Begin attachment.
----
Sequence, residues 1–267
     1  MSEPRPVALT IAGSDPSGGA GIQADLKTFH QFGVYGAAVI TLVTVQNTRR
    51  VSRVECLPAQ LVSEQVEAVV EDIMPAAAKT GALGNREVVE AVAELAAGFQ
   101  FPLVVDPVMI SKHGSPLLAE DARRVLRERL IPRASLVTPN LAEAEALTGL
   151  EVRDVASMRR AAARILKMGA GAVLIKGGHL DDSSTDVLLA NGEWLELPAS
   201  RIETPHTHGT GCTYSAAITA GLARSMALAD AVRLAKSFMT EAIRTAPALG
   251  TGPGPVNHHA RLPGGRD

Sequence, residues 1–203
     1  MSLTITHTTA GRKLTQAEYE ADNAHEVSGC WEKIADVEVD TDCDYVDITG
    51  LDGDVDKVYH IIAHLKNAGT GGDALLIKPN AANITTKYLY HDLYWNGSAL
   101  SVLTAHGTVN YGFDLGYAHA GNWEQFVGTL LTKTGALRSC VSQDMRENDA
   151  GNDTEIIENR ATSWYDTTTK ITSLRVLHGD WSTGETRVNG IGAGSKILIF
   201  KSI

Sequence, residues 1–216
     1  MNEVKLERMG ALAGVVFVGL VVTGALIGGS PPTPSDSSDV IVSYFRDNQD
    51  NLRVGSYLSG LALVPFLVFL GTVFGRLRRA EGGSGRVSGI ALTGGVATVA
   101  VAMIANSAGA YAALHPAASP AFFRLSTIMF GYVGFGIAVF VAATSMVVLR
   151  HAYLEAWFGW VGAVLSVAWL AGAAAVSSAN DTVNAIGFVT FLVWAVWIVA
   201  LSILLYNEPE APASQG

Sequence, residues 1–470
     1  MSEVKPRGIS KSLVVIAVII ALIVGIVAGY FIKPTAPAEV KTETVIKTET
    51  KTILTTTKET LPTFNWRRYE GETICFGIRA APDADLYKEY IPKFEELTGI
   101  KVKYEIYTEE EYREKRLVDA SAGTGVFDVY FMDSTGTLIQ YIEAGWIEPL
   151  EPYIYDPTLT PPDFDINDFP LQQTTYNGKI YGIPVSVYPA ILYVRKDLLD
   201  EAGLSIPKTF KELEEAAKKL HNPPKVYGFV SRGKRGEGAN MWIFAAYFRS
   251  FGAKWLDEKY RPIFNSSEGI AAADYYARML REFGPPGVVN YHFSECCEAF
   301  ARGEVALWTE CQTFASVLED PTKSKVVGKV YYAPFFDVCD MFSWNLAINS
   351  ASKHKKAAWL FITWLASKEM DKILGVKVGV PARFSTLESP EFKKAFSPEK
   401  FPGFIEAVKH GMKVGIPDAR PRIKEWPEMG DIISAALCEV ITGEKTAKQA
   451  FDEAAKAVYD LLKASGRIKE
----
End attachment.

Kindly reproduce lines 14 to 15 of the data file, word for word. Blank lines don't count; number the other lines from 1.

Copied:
Sequence, residues 1–216
     1  MNEVKLERMG ALAGVVFVGL VVTGALIGGS PPTPSDSSDV IVSYFRDNQD